CSCE 236 Embedded Systems, Spring 2013
Thursday, January 31, 2012
Names of Group Members:
This is a group assignment to work on during class. You only
need to hand in one copy of this, but make sure that the names of all
of your group members are on this sheet to receive credit. Complete
all of the sections below and make sure to get the
instructor or TA to sign off where required.
You should keep your own notes on what you complete since parts of future homework
will build on this lab.
2 Detecting Button Bounces
In class, you saw how to use Timer1, configured with pin
T1 as the button input to count the number of times the button
was pressed. Download this code from the course website (in the
assignments section next to lab2). Examine this code and determine
which pins the LEDs and button should be connected to. Connect
everything and verify the functionality of the code by pressing the
button and observing the counter output on the serial console.
As you saw in class, occasionally the counter incremented more than
once for a single press due to the button "bouncing." Bouncing
occurs when the button is being pressed and it rapidly oscillates
between logical zero and one. In this section, you will look at two
different ways to detect this.
2.1 Manual Delay
First, modify the code so that it only prints the value of the
register TCNT1 when it changes. Be aware that TCNT1 may change
at any point, so you should only read it once in each iteration of
your main loop() to ensure that the value you are using is
One way to detect that the button bounced is if TCNT1 has
increased by more than one since the last iteration. However, since
the main loop runs very quick, you should add a delay in the main loop
so that you only check it periodically, perhaps every 100
Checkoff: Implement this approach and print a warning every time the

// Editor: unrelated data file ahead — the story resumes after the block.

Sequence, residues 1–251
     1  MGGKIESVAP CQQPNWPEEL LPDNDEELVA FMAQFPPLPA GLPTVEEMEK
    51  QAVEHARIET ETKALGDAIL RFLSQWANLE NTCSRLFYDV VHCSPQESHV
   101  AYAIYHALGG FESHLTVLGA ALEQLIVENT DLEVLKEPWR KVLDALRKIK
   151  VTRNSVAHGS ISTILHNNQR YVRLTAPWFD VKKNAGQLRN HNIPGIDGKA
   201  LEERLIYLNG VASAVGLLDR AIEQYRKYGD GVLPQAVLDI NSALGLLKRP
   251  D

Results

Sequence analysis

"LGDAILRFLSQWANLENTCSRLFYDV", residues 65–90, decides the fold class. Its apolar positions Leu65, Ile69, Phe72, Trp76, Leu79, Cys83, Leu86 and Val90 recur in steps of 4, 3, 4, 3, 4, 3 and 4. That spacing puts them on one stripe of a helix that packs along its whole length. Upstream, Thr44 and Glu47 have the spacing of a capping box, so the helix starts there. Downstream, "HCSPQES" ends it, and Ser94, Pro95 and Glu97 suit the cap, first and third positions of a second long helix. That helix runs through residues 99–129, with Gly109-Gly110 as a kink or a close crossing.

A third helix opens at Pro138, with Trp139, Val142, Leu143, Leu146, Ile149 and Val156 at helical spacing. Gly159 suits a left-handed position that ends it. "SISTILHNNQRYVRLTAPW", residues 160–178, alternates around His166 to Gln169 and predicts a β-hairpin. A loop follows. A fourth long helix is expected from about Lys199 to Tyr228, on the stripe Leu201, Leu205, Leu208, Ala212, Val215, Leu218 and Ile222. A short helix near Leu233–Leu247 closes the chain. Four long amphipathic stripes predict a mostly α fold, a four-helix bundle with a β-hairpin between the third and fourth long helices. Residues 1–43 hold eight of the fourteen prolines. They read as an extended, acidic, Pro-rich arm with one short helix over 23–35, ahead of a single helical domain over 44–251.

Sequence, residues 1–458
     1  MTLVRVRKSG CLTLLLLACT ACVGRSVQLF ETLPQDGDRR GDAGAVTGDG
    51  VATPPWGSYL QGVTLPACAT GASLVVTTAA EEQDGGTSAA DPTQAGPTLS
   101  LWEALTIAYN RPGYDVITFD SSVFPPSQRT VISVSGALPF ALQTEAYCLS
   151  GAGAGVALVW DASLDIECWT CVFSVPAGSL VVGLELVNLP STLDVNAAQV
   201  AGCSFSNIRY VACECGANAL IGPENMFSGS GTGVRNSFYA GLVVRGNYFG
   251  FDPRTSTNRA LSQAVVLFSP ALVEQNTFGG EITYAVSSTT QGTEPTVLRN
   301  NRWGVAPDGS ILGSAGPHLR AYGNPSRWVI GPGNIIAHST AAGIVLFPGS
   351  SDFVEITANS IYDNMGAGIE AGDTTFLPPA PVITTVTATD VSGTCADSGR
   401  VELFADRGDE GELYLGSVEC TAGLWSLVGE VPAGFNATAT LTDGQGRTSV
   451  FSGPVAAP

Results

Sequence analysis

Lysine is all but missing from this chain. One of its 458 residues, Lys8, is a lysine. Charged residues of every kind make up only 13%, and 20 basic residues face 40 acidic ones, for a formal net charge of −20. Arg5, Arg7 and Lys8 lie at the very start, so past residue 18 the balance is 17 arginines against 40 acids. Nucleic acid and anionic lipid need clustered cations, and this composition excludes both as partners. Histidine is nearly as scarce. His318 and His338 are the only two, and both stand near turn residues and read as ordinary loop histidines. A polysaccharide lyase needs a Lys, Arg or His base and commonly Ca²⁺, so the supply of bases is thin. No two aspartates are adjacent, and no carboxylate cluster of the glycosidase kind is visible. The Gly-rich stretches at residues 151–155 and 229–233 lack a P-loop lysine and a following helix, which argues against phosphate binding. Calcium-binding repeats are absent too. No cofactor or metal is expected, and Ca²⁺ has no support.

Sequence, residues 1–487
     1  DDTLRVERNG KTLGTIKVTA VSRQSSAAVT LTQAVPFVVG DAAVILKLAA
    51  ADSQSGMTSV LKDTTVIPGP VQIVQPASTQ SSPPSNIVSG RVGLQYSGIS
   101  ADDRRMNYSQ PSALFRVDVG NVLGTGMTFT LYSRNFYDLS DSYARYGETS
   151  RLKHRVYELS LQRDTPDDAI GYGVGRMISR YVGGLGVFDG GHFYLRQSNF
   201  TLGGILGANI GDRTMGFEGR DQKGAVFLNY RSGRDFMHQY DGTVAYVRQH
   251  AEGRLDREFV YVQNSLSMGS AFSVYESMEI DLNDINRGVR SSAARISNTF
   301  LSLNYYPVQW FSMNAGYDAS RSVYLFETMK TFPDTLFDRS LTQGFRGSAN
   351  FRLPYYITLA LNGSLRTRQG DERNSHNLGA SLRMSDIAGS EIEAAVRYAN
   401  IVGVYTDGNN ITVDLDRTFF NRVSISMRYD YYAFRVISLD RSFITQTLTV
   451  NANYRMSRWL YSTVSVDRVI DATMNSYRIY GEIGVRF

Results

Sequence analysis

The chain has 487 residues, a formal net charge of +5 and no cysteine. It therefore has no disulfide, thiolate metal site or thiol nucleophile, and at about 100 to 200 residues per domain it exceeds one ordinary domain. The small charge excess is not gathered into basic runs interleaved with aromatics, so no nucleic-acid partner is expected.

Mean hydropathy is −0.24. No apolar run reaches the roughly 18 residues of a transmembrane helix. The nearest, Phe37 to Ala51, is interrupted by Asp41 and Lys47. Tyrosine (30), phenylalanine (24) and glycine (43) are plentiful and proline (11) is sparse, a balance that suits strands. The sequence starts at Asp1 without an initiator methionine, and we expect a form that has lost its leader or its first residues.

button bounces. In addition to printing a warning, turn on the red
LED for 500 milliseconds every time the button bounces (but still
ensure you are checking for additional bounces while the LED is
2.2 Checking Time
Using a manual delay is somewhat wasteful in that nothing else can
occur during the delay. There is a preexisting Arduino sketch
Examples->Digital->Debounce which implements debouncing by
using the command millis() to record when the button was
pressed and then to only check the state again after a fixed delay
period. Look at this code to see how they implemented it and make
sure everyone in your group understands the code. Ask the instructors
if you have questions on how it functions.
In the previous sections you detected button bouncing. You detected
this by looking at the counter which counted the number of falling
edges on the button input pin and seeing if this value increased by
more than one within a small window of time. The assumption was that
any oscillations would calm down within that time period. In this
section, you will reconfigure the Timer1 to time how fast
bouncing occurs. This will let you minimize the delay in the previous
sections so that you can detect very fast button pressing, while still
Start by reviewing section 16.6 of the datasheet on the input capture
unit (you should have already read this section before the lab). The
way the input capture unit works (when it is configured) is that when
a transition on pin ICP1 (labeled on the Arduino schematic
simply as T1) occurs, the current value of the counter,
TCNT1 is copied into the register ICR1. An interrupt
can be triggered whenever this occurs, but do not worry about using
interrupts at this point. Instead, modify your code so that when the
button is pressed you reset TCNT1 and ICR1 to zero.
After 100 milliseconds (or there about) read the value in ICR1.
If any bouncing occurred (or if you released the button within this
time), the register will contain the number of ticks that occurred
between the initial press and the last bounce.
Checkoff: If (and only if) a bounce occurs, print out the time (in
micro or milliseconds) since the initial press of the button
occurred. If no bounce occurs, simply print out the number of times
the button has been pressed. See notes below about doing this.
Hint for Checkoff You will no longer be counting the number of
falling edges using the timer. You will have to modify your code to
properly configure the timer to input capture mode and you will need
to go back to manually checking if the button is pressed. Pay
attention to the clock source and divider. If you run the clock too
fast you will overflow the 16-bit counter before a bounce occurs, but
if you run it too slow, you will not have very good resolution. Do
not use the input noise canceler, since we are trying to measure the
4 Counting Button Presses
Checkoff: Build on the previous code and create a program that will
turn on the red LED if the button is pressed once, green if pressed
twice, blue if pressed three times. For each of these you should
only turn on the LED after the button pressing has completed (after
a short timeout) and you should turn it off after 2 seconds. Also
make sure that it functions properly with both short and long button
presses, but also avoids bounces.
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On 31 Jan 2013, 10:57.